“I believe poetry is language’s most radical possibilities, possibilities which include prose and what prose is capable of expressing, but with the freeing capability of moving beyond limiting grammatical structures and linguistic norms as needed.”
“Never doubt that a small group of thoughtful, concerned citizens can change the world.
Indeed, it is the only thing that ever has.” – Margaret Mead
Poetry Northwest‘s monthly podcast series, The Subvocal Zoo, features editors and friends of the magazine interviewing poets. Each episode features lively conversation between writers in a different location. Episode 10 features Sierra Nelson with Johnny Horton rowing around the edge of Seattle’s Union Bay. Topics of discussion include finding the right director for your dream-poems, silence, frog song, collaboration, John Donne’s “Relic,” humor & wit, poetry as technology, and encountering the brink.
Hasn’t there been a moment you never wanted to leave?
Editor’s note: Our objective is to determine whether the relationship between poetry and science is field-specific, or something. We hypothesize that a sentence will grow best when infected by the same ideas, images and methods that occur within either field. Preliminary results have been published in the Poetri Dish [experiments in verse] section of Poetry Northwest, Spring & Summer 2012 (v7.n1). Here, doctors Ink and Owning of Vis-à-Vis Society offer further findings: — Scientific Method: Am I In Love? Question: Am I in love? Research: I sleep in a bed with another, I have held his breath in my mouth. Hypothesis: If I run away, I will know. Experiment: Fog up the window and see whose name your finger writes. Observation: Made it all the way to Vancouver: wrote one name, smudged it out. Results: It is true, the finger moves. Report: Scientists in their lab coats leap to their feet in applause! +++ Scientific Method: Noir Sestina From a broken phone booth she called our her question, under-eye circles purple as bruises told of …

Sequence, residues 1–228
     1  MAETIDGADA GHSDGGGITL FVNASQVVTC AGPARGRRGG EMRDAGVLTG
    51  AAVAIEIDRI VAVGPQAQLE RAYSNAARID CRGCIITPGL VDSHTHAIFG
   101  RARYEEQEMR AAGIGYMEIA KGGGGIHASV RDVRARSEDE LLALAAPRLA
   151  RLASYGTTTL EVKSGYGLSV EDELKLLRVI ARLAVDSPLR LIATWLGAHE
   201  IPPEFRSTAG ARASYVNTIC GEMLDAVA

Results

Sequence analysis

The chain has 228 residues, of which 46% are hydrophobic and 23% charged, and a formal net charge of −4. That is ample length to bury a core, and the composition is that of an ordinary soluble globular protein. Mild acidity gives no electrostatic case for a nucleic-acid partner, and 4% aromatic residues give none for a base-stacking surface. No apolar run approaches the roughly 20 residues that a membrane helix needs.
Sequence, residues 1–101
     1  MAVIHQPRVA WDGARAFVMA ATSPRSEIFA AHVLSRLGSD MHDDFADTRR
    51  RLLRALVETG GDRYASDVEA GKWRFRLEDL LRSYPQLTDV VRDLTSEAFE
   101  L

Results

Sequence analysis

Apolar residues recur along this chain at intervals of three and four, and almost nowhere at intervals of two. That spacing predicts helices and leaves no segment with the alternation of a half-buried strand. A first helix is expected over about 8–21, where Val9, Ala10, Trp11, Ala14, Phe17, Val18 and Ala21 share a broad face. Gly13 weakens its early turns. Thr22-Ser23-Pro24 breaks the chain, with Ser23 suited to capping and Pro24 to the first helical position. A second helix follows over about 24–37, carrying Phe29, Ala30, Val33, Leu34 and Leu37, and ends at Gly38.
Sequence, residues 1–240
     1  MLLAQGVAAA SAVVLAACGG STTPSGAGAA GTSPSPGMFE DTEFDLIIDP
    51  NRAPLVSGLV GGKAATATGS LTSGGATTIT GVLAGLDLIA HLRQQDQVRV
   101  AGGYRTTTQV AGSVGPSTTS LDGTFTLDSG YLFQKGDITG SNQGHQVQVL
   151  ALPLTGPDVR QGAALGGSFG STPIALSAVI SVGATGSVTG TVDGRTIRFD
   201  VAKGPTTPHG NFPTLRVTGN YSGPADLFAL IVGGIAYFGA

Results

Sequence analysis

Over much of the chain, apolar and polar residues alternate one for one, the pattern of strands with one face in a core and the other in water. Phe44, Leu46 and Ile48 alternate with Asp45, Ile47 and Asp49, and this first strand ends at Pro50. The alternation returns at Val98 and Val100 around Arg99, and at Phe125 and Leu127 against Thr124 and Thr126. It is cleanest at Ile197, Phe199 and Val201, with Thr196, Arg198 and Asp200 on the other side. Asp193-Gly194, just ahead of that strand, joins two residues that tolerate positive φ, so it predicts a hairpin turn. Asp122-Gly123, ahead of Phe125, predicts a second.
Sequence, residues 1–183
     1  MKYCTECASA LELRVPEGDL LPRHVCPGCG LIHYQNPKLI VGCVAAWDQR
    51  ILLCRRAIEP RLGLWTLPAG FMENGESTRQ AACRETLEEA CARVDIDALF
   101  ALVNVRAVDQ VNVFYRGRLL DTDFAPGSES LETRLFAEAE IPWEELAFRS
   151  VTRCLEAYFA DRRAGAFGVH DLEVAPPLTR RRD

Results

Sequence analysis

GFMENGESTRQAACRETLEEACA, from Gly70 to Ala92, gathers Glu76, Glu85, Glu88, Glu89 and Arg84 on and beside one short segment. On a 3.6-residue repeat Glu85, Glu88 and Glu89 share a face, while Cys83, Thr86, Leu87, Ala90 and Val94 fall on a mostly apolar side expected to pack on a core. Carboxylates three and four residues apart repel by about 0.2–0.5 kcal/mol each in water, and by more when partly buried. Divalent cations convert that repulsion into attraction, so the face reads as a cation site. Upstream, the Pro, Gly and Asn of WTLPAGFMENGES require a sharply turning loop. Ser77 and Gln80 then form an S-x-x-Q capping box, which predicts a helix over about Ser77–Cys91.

The wind shakes the earth / from its four corners